The State Advocate is seeking leave to appeal a judge’s decision removing Magistrate Nadine Lia from challenge proceedings filed by Repubblika, which is calling for criminal charges to be issued against former top officials at Pilatus Bank. 

The move came about on Friday, two days after Mr Justice Ian Spiteri Bailey, presiding over the First Hall, Civil Court, upheld Repubblika’s request for an interim measure, effectively suspending the challenge proceedings and ordering that case to be assigned to another magistrate. 

The civil society organisation argued that magistrate Lia had a clear conflict of interest since her father-in-law, Pawlu Lia, happened to be the lawyer who assisted former prime minister Joseph Muscat and his wife as well as former OPM chief of staff Keith Schembri.

Those persons had an interest in the Egrant inquiry, whose terms of reference were set by the magistrate’s father-in-law in 2017 and the now-shuttered Pilatus Bank featured prominently in that inquiry, Repubblika claimed. 

So, after multiple requests for Magistrate Lia to abstain were turned down, Repubblika took its grievances before the constitutional courts claiming that such refusal breached its right to a fair hearing in the challenge proceedings. 

Following submissions by Repubblika’s lawyer, Jason Azzopardi and lawyers representing the State Advocate earlier in October, Mr Justice Spiteri Bailey upheld the applicant’s request for an interim measure.

The court went further, stating that the challenge was to be assigned to another magistrate. 

Now, the State Advocate is seeking to appeal that decision claiming that it wishes to do so not because it did not go in its favour, but because it triggered legal consequences that were best reviewed by the Constitutional Court before the case proceeded on the merits. 

For this reason, the State Advocate filed an urgent application on Friday seeking permission from Mr Justice Spiteri Bailey to appeal. 

There were various pressing reasons to do so, the State lawyers said.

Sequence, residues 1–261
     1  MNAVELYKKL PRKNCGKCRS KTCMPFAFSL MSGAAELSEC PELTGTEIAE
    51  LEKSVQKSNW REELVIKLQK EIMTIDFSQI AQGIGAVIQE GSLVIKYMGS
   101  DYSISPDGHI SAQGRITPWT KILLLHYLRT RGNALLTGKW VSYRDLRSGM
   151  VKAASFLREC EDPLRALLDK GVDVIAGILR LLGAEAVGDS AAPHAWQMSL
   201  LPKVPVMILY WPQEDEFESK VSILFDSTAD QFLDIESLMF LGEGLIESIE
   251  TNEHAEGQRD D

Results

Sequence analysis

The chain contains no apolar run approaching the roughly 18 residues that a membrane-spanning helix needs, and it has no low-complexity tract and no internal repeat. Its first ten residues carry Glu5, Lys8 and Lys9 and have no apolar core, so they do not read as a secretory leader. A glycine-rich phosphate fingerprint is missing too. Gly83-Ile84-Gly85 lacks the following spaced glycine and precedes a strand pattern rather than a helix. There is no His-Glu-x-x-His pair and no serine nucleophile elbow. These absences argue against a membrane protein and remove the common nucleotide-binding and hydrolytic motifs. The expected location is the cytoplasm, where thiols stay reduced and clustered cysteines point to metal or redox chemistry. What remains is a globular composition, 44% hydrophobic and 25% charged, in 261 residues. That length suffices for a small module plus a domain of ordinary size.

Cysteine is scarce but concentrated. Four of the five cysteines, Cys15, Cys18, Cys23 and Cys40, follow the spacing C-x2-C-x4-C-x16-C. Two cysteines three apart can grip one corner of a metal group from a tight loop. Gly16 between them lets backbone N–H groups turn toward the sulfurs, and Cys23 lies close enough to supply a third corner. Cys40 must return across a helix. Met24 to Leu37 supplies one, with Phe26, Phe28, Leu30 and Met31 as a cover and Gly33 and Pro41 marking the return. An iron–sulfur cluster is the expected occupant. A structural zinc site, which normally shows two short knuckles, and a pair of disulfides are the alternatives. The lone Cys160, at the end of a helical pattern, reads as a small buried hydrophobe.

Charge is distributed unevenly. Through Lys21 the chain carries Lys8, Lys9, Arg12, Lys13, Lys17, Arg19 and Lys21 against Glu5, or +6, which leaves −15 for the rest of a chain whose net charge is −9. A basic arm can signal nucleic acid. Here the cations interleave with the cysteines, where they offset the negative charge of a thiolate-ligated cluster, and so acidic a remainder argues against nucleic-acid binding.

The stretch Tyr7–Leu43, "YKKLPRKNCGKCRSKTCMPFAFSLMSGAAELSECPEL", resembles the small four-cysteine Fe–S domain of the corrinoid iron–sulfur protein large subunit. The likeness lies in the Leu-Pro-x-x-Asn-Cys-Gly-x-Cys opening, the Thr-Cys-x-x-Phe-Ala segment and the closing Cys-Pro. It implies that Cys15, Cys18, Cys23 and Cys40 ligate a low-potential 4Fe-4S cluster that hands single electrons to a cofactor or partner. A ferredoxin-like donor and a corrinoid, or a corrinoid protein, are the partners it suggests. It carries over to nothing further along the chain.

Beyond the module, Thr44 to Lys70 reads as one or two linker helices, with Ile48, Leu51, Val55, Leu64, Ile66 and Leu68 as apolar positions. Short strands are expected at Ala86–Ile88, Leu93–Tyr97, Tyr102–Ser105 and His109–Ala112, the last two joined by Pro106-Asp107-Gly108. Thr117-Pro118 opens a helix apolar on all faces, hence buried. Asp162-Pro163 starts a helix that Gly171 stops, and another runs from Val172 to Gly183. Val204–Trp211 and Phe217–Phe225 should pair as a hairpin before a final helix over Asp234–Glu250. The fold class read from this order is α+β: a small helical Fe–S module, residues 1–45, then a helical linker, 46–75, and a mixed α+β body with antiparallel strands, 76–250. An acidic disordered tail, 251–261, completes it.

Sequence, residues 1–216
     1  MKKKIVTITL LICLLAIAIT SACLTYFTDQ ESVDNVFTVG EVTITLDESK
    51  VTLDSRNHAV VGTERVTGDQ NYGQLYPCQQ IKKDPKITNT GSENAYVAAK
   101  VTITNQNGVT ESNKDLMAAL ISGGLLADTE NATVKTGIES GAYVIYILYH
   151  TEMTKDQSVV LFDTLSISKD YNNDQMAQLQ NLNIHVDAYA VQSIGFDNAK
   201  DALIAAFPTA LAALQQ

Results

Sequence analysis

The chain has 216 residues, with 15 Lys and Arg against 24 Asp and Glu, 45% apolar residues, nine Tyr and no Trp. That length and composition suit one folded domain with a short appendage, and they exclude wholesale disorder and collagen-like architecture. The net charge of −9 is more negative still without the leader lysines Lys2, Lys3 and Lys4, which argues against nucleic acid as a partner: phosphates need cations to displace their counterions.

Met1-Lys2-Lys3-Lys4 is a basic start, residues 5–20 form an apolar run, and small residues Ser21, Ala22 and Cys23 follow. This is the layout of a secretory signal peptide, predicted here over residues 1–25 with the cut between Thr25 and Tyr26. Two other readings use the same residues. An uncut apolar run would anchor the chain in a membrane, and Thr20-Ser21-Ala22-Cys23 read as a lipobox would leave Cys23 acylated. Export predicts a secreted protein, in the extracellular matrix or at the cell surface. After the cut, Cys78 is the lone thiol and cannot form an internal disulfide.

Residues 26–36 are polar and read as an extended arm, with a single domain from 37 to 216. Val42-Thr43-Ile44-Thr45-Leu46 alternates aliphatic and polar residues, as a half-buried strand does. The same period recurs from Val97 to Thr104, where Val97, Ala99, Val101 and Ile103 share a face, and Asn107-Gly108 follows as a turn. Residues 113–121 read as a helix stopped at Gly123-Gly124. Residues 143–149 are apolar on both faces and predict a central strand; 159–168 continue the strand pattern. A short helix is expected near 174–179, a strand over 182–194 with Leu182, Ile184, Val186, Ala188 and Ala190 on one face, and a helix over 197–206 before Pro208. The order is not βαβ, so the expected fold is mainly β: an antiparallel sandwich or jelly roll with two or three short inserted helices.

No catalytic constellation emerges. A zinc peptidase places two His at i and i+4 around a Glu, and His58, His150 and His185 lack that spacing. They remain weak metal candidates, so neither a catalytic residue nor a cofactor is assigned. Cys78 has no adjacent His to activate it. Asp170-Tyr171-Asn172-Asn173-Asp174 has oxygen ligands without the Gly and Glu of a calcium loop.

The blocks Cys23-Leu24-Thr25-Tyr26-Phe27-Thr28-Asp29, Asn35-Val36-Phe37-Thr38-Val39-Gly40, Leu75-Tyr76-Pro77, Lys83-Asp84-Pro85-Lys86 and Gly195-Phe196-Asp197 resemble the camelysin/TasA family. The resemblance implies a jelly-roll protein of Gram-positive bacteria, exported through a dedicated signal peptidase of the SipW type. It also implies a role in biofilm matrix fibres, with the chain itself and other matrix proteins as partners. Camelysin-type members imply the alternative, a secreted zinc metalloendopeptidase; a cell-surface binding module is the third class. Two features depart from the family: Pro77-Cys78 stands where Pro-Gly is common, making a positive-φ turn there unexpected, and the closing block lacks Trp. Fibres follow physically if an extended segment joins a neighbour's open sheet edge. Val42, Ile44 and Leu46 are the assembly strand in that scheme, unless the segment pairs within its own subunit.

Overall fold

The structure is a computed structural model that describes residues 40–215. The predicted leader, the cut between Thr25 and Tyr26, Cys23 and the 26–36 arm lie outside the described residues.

This was a “sensitive” issue which merited a definitive decision by the Constitutional Court.

The decision meant that Repubblika was in effect granted their request to have Magistrate Lia removed from the challenge case even before the first court determined whether the organisation’s rights had been breached. 

Judge Spiteri Bailey’s decision gave rise to a “fait accompli” and did not follow the general rule that an interim measure is granted only in exceptional cases.

The court did not appear to have considered whether Repubblika potentially faced an irremediable prejudice if the challenge continued to be heard by Magistrate Lia.

Such a pronouncement could have a bearing on recusal cases in general.

No evidence had been produced so far to show that the magistrate’s father-in-law came anywhere close to those challenge proceedings. 

Moreover, Repubblika had not requested the judge to order the case to be assigned to another magistrate but only to suspend the proceedings until their breach of rights claim was decided on the merits. 

In light of such considerations, the State Advocate sought permission to appeal.

On Friday, Mr Justice Spiteri Bailey granted that permission but following another urgent application by Repubblika, filed this afternoon, the judge revoked his decision after the organisation’s lawyer argued that such a decision was to be delivered in open court. 

Consequently, the judge scheduled a hearing next week for the issue to be determined once the parties have made their submissions in open court. 

Lawyers James D’Agostino and Isaac Zammit signed the application on behalf of the State Advocate. Lawyer Jason Azzopardi is assisting Repubblika. 

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